It was on Friday, March 23, 2007 that shifted my thinking forever. For several minutes I watched a speaker give a humorous speech and laughed my head off. I couldn't control myself. It seemed as if someone was tickling me and I couldn't stop giggling.
The comedian had the audience rolling on the floor, holding their sides, laughing hysterically. His timing and delivery were superb. He had us in the palm of his hands.
That was a major learning point in my life. It was then that I decided to inject humor into my messages. Prior to that day I focused on the content, lessons and points. And on techniques like gestures, eye contact and breathing.
That was about to change because humor has multiple purposes...
It serves as a bridge to accept your ideas, beliefs and opinions. It dissolves anxieties and preconceived notions about you. It puts your audience at ease. It humanizes you. And it also lowers the invisible force field between speaker and spectator creating a larger circle of oneness.
Or simply put:
It makes people laugh. They have a good time. They become more involved with your entire message. They believe you are confident and approachable. And they will shower you with praises, approvals and compliments.
I recently gave a short lesson laced with humor. I spoke about the importance of having a good mentor. There were moments when that group of fifty adults was laughing out of control. (A Code Red situation.) After it was over I reflected on five features that made my lesson wildly intoxicating.
1) Set the tone early. I began by telling a story. I didn't even get past the first sentence when I got my first laugh. I didn't say anything funny, but since I mentioned someone, whom most of the audience knew, liked, and respected, a few people couldn't help but laugh. Setting the tone early with laughter perks people up and hints that there's more funny to come.
2) Get your timing down. One of the worst taboos you can commit in comedy is rushing your lines. One of the best ways to counter this is by listening to your audience with a pause. Let them digest what you've just said. Give them the opportunity to savor you and the picture you're painting in their minds. Let them laugh out loud. When it finally dies down -- then you proceed. Patience is truly a necessity.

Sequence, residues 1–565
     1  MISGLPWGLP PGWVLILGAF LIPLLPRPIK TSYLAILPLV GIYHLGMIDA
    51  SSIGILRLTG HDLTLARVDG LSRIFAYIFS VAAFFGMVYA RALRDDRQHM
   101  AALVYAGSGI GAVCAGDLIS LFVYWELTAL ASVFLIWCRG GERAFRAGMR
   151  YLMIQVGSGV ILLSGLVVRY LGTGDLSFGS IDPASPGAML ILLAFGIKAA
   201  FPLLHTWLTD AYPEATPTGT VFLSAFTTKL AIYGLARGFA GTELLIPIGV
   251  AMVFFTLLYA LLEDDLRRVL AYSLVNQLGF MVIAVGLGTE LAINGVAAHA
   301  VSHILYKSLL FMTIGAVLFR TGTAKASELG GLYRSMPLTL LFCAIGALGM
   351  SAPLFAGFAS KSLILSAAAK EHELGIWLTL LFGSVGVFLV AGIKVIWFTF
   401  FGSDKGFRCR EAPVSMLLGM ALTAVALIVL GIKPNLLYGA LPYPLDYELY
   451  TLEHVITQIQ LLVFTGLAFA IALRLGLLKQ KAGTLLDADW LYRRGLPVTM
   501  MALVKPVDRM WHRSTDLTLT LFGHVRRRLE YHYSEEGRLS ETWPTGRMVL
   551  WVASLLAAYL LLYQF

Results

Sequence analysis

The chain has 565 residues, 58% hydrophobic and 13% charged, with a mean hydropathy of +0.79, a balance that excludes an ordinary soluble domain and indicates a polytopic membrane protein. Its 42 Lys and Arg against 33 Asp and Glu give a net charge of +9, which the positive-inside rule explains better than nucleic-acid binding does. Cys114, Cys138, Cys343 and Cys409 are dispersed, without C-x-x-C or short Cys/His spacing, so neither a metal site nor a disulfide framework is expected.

3) Use vocal power. In humor it's not only WHAT you say that makes people laugh -- but also HOW you say it. Portraying different voices (male, female, robot) or geographical accents (southern, Italian, Jedi Master) exponentially adds to the funny experience.
Speeding up, slowing down, growing louder, and shrinking softer, or a combination of these with well-placed pauses altogether creates the bellyaching raucous. Your vocal power builds the excitement, intensity, drama, and suspense that lead into your punch line.
4) Going big Hollywood style. Victor Borge is a master at this. One head nod, one slicing glance, or one premeditated act often erupts the crowd into gut-wrenching hysteria. And often without uttering a single word.
Since my lesson involved a female mentor, I imitated her twice telling me "not a good idea." On the third time I imitated an angry woman telling me "NO." I shrugged my shoulders, parked my hands on my hips, tapped my foot on the floor and rocked my head. That caused an eruption of laughs because everyone who knew her knew she would never say or do that.
5) Mastering the tension-release. In comedy, building up the "tension" is the science behind what makes the "release" so funny. A punch line alone is incomplete without the tension you create prior to it.
In my talk I crafted the scene, established the mentor's credentials, and told the story of how I thought I was hot stuff. This created the tension. Then I methodically began tearing myself apart through the voice of the mentor. This resulted in many tension releases. And many laughs.
But that's not all...
I included a lesson at the end to wrap things up. This was the reason behind the laughs. The lesson distinguishes the entertainer from the entertaining speaker. One makes a point of using humor -- the other uses humor to make a point.
Are you ready?
go make them laugh!
Tommy Yan helps business owners and entrepreneurs
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that you are
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